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Editorial - Bad behaviour must be rooted out. But don't look to schools for all the answers

Life is full of mysteries that are no less mysterious for being persistent. Take Chinese shredded duck. Why are there never enough pancakes for the available meat? Or straight men's fascination with lesbian sex. Why on earth do they suppose they might be invited to join in? Or bad behaviour. Why do politicians believe that the solution to it lies solely within schools?

Last week's Education Bill made great play of the Government's determination to crack down on bad behaviour (pages 20-21). Ministers believe that unruly pupils dissuade large numbers of qualified people from joining or remaining in the profession. Those suspicions are supported by several surveys and amplified by the calculated hysteria of the odd union general secretary. They resonate, too, with much of the electorate, who believe that youth is inherently suspect and that Cairo is less chaotic than the average classroom.

It is hard to deny that hundreds of teachers suffer at the hands of dreadful pupils. All, at some point, will have felt challenged by appalling behaviour and an unfortunate few will have come to acute mental and physical harm. Poor pupil behaviour is not an inconsequential problem and some of the Government's proposed solutions are welcome - particularly its suggestion that anonymity should be used to protect teachers from malicious allegations. On the other hand, its tinkering with exclusion panels amounts to diddly-squat and its plan to give teachers stop and search powers that the Stasi could only dream of is sure to keep lawyers in gainful employment for years (page 1).

But if discipline isn't an inconsequential issue, neither is it threatening to overwhelm the nation's schools. Violent attacks on teachers declined by 40 per cent in a decade, according to the British Crime Survey, while Ofsted says behaviour is poor in less than 2 per cent of schools. Even the Pisa survey, the Government's new sacred metric, found that our kids, if rather dim compared to the Finns and Koreans, are terribly well behaved by international standards. It is true that many who leave the profession cite poor behaviour as a reason for quitting. But is that because pupils are revolting or because some teachers' crowd-control skills are lacking? It is impossible to say.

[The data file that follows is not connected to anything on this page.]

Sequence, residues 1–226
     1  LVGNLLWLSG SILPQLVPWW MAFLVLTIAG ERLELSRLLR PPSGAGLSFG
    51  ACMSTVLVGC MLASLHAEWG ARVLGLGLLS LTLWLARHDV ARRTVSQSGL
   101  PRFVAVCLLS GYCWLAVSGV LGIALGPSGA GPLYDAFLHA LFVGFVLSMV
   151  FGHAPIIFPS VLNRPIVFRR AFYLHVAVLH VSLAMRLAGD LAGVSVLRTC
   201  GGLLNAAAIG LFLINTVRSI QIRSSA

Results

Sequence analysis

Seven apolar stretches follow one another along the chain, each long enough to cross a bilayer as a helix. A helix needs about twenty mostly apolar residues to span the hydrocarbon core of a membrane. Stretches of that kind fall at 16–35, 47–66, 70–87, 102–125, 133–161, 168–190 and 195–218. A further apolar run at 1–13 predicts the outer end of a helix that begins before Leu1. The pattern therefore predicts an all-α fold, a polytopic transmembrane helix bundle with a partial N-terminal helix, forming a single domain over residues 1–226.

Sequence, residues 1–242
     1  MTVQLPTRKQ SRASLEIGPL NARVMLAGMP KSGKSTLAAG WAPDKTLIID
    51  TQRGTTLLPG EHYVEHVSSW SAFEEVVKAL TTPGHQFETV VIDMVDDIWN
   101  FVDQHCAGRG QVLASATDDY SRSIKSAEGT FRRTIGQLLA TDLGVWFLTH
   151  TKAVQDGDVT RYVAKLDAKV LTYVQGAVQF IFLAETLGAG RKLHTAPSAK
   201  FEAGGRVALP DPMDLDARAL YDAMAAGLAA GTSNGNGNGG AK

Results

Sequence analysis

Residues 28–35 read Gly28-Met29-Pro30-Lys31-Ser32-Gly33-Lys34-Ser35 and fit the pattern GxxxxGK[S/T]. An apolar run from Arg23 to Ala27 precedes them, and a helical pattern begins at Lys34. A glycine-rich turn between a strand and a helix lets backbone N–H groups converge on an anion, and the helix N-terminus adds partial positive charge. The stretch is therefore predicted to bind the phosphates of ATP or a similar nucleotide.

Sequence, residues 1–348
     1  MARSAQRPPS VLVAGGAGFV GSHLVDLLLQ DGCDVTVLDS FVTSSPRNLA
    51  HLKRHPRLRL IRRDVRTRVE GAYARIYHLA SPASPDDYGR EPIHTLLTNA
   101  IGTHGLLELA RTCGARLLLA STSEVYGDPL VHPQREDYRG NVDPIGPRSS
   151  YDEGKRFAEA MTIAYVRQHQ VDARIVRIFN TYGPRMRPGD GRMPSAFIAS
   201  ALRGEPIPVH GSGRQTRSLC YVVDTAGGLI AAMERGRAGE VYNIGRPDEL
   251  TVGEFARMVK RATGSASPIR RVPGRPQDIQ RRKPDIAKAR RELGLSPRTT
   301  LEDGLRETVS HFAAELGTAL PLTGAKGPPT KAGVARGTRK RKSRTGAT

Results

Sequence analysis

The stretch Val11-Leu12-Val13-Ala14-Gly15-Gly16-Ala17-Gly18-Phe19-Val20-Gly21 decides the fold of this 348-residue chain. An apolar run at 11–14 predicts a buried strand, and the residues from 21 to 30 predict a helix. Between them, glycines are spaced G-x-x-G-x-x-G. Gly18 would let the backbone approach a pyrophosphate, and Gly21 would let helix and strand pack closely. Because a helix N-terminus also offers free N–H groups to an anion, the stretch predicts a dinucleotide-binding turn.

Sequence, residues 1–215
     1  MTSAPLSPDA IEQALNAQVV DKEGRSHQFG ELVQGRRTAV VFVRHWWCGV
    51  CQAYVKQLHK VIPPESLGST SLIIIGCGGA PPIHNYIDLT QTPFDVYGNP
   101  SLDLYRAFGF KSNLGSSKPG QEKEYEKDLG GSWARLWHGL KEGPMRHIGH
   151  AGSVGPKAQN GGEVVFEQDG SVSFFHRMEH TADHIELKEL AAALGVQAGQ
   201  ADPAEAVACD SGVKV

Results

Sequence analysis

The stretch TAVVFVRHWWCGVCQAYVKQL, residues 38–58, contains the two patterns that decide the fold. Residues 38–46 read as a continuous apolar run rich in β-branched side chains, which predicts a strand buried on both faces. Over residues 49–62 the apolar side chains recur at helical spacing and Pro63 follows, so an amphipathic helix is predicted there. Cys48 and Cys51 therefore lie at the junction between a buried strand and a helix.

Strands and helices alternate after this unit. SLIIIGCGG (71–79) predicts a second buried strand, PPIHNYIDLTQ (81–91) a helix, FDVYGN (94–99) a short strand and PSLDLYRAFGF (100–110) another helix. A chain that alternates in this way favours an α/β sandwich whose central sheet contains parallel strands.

Indiscipline is a persistent problem for some schools. But the Government's tough talk owes more to politics than evidence. Not only do the data suggest that poor behaviour isn't on the rise, the answer to what there is lies as much at home as it does in class. According to a 2007 Unicef report, British children's relationships with their families are among the worst in the developed world. If politicians want pupils to behave better, they should start lecturing parents about their inadequacies rather than focusing exclusively on schools. Unfortunately, "We promise to tackle the appalling state of Britain's parents" has certain drawbacks as a manifesto commitment.

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